The foremost regenerate ones said, The viands have been prepared in the prescribed form, and they taste excellent. We have been gratified. God bless you! All this was heard by the descendant of Raghu.
Persons adorned with ornaments distributed the victuals among the Brāhmaṇas, and they were assisted by others wearing jewelled pendants.
In the interval between the completion of one bath and the beginning of the next, mild and eloquent Vipras, desirous of victory, engaged in various disputations.
Every day in that sacrifice, skilful Brāhmaṇas, engaged in the ceremony, did every thing, according to the ritual.
There was no twice-born one that was not versed in the Vedas and the Vedāṅgas, or that did not observe vows, or that was not profoundly learned, nor did any assist at the sacrifice that could not argue ably.
Persons versed in the arts and science of sacrifice constructed these Yūpas. And at the time of throwing up the Yūpas for embellishing the sacrifice, these one and twenty Yūpas, each measuring one and twenty Aratnis, having eight angles, and smooth-faced, were decked out in one and twenty pieces of cloth, and were firmly planted with due ceremonies by artisans.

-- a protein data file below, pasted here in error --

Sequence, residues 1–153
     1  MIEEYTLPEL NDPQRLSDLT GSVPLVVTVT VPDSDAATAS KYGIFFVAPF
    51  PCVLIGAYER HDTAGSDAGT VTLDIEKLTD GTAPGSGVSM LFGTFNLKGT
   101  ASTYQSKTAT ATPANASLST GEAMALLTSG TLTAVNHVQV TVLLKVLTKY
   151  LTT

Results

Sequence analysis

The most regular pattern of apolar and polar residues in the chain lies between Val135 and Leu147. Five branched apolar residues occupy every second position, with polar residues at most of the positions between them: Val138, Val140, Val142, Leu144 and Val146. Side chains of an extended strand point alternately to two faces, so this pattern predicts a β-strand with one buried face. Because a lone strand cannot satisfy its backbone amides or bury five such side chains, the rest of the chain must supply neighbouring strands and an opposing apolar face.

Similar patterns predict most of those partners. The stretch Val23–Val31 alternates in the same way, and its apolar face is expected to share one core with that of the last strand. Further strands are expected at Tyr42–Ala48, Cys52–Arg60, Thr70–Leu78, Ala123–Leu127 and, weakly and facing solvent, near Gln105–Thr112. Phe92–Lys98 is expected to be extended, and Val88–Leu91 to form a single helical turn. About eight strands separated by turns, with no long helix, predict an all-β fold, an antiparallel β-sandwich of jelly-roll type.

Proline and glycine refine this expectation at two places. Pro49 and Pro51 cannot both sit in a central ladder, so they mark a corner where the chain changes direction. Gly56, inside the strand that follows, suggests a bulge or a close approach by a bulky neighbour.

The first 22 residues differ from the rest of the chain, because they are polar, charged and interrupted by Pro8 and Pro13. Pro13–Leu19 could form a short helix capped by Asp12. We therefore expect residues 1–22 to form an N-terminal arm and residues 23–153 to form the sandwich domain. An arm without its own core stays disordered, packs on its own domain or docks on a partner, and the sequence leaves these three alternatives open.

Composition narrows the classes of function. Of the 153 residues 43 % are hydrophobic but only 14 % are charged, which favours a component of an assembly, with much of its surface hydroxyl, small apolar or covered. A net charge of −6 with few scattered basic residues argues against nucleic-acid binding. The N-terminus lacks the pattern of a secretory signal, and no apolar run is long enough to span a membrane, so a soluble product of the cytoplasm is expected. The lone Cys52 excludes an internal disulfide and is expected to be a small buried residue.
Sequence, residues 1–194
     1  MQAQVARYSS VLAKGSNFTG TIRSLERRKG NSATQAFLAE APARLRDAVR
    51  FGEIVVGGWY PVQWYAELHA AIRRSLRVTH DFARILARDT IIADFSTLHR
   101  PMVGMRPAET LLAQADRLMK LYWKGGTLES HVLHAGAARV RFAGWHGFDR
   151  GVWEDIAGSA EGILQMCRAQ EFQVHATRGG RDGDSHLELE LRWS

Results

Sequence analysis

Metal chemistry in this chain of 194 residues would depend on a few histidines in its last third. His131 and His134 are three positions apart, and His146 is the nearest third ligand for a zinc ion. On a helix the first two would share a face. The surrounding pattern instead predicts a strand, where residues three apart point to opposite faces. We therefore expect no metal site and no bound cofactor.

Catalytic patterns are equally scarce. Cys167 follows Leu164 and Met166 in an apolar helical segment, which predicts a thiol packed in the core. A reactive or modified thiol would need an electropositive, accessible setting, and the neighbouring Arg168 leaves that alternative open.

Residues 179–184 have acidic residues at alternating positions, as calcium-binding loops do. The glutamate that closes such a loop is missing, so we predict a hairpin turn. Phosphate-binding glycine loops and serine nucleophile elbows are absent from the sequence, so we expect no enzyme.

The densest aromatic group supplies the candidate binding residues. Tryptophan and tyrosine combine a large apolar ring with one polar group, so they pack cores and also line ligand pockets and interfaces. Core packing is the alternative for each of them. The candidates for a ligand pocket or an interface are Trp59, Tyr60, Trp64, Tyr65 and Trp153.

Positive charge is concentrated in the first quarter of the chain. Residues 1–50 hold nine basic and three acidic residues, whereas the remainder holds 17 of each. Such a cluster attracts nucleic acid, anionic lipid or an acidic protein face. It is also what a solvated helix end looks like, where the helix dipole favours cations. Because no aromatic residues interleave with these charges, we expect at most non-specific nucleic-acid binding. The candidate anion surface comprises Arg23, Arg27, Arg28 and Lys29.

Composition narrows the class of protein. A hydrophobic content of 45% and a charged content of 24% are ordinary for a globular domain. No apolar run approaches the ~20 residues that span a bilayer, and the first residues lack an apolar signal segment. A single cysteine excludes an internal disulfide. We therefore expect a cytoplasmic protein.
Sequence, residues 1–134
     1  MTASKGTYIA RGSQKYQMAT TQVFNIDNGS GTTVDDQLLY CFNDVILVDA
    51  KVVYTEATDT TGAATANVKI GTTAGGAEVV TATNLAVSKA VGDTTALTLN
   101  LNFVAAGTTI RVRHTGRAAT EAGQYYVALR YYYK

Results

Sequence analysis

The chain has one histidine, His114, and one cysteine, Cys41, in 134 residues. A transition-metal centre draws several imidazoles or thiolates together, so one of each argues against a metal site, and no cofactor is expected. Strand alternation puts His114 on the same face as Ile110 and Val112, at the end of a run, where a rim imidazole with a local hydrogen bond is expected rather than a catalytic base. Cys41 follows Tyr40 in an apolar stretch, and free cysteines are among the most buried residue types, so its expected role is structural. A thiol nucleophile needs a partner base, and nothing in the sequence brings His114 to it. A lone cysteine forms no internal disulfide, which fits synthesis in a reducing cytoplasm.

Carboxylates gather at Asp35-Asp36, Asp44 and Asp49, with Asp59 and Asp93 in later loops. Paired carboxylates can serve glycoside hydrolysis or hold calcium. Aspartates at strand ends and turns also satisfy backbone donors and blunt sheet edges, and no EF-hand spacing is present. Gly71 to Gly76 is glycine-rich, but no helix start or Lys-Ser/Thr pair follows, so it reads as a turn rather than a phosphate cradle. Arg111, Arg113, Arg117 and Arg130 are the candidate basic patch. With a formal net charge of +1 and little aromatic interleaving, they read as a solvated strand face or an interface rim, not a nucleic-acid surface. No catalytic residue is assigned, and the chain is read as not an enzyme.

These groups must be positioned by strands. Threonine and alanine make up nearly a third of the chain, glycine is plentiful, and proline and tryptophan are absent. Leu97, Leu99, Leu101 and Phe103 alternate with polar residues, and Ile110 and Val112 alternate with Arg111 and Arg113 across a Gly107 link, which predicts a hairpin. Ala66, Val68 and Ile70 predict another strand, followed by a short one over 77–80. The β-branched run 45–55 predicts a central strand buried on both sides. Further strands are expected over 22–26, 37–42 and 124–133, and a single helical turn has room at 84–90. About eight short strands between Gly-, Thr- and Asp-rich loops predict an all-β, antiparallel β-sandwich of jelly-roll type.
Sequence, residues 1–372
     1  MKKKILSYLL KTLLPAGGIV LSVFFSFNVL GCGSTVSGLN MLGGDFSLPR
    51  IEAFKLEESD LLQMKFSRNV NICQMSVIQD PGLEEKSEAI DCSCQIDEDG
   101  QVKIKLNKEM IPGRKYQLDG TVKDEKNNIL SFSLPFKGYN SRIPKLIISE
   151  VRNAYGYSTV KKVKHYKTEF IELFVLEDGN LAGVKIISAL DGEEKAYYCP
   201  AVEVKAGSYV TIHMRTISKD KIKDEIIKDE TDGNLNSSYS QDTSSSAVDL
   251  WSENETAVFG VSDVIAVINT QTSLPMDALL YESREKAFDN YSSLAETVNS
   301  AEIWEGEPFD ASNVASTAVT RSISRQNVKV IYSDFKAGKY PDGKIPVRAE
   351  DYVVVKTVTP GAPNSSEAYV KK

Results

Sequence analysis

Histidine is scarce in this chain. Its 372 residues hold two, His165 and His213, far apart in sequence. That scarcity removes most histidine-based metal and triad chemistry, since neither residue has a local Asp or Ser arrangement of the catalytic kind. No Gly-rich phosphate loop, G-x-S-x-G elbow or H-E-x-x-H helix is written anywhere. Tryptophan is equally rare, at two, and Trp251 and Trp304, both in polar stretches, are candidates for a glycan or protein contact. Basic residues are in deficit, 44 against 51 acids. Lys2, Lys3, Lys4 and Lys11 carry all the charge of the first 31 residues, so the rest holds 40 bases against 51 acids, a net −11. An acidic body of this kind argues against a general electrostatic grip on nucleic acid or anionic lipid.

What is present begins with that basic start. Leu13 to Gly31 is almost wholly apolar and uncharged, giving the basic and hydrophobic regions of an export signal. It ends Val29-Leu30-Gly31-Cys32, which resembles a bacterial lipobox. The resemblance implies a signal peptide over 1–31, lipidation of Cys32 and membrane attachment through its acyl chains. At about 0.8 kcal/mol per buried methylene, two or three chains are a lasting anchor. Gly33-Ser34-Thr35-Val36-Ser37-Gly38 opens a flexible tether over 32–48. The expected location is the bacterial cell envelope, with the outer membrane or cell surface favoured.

And being wrapped up in cloths, and worshipped with flowers, they looked like the seven Ṛṣis appearing in the welkin.
And an adequate number of bricks was also duly made (for the ceremony.) And Brāhmaṇas accomplished in the arts constructed the sacrificial fire-place with those bricks.
That fire-place of that lion among kings, set by skilful Brāhmaṇas, consisting on three sides of eighteen bricks, looked like the goldenwinged Garuḍa. And for the purpose of sacrificing them to the respective deities were collect beasts and reptiles, and birds, and horses, and aquatic animals. And the priests sacrificed all these in proper form.
And to these Yūpas were bound, three hundred beasts, as well as the foremost of the best horses belonging to king Daśaratha.
Then Kausalyā, having performed the preliminary rites, with three strokes slew that horse, experiencing great glee.
And with the view of reaping merit, Kausalyā, with an undisturbed heart passed one night with that horse furnished with wings.
Hotas and Adhvaryus, and the Udgatās joined the king’s Vāvātā along with his Mahiṣī and Parivṛtti.* And priests of subdued senses, well-up in sacrificial rites, began to offer oblations with the fat of the winged-horse, according to the ordinance.
The lord of men, desirous of removing his sins, at the proper time smelt the odour of the smoke arising from the fat, agreeably to the scriptures.